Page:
Jennifer Lawrence and David O. Russell reunite for Joy, a movie about a dysfunctional family, cutthroat business, and a mop.
Jennifer Lawrence is the biggest movie star on the planet right now. Admittedly, this is akin to announcing that water is wet, but it is crucial in understanding a movie like Joy. For while this is technically a spiritual follow-up to her previous collaborations with director David O. Russell, who helmed Silver Linings Playbook and American Hustle, it is also a film from a different era: one where stars commanded the attention and clout in Hollywood to open ostensibly “feel-good” dramas catering to their greatest strengths.
In an era of billion dollar capes and bows and arrows, this is something of a novelty. And it is also Joy’s best asset. Indeed, the picture should have likely hewn even closer to those Lawrence charms since she (and this rather rare concession to marquee power) is the best thing about a film divided and enmeshed amongst Russell’s recent fixations—creating a muddle of a movie with occasional flashes of unfulfilled brilliance.
In one sense, yes, this is very much a movie about the surprisingly gritty origins of the miracle mop and how Joy Mangano invented it. But proving that any subject matter can be exciting in the right context, Russell again channels Scorsese as much as he did in the mirthfully crooked American Hustle. There are moments in the far stronger second half of Joy where the titular character appears to be conjuring an inner-Michael Corleone as she conducts her family business with cutthroat clarity. Who knew QVC was such a high stakes do-or-die environment?
However, these sequences that give the film (and Lawrence’s performance) a real edge are constantly off-set by a screenplay from Russell that feels indecisive and unfinished. At times, Joy is the squeaky clean, straight-laced alternative to American Hustle (i.e. Russell’s Goodfellas-lite) and at other moments, the picture retraces the dysfunctional family beats from Silver Linings, The Fighter, and Flirting with Disaster.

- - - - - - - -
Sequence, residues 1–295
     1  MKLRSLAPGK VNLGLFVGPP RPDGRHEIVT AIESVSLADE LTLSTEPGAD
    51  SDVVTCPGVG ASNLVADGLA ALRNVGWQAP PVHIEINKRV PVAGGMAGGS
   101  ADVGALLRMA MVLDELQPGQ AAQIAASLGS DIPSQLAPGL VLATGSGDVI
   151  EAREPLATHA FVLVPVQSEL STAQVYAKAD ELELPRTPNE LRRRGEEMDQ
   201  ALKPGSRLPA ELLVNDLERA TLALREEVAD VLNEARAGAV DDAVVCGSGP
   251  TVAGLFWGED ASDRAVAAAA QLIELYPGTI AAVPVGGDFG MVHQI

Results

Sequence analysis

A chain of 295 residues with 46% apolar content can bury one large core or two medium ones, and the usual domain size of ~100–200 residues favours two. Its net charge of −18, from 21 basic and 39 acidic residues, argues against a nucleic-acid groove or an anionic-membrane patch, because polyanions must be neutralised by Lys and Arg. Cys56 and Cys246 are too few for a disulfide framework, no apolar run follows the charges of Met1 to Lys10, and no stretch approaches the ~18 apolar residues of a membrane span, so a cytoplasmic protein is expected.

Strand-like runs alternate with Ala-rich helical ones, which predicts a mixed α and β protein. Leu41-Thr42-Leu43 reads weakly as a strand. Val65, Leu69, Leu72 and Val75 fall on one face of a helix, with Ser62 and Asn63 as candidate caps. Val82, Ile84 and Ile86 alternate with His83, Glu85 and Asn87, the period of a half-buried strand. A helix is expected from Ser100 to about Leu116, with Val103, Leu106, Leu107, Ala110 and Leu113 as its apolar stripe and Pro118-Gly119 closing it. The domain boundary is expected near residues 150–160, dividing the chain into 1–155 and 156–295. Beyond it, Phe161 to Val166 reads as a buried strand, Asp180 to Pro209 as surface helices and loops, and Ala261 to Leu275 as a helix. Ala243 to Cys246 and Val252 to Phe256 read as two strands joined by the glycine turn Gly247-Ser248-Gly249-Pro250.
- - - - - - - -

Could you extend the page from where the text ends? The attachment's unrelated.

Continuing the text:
But whereas those latter films had a song in their step, no amount of actual singing by Lawrence here can overcome the noticeably off-pitch pace of the first hour. During those many early scenes, Russell attempts to idolize Mangano (who not-so-shockingly is also an executive producer on the film) by reveling in the idiosyncrasies of her mostly two-faced family. But what was endearing in previous Russell dramedies is listlessly grating here.
Robert De Niro, Édgar Ramírez, Elisabeth Röhm, Virginia Madsen, and Isabella Rossellini all give perfectly fine supporting performances with De Niro being especially enjoyable as Joy’s crude, self-centered, and divorced father. But the overall ensemble of characters fails to coalesce into an enticing portrait of dysfunction like the Solitano or Eklund-Ward broods of Russell’s better recent films.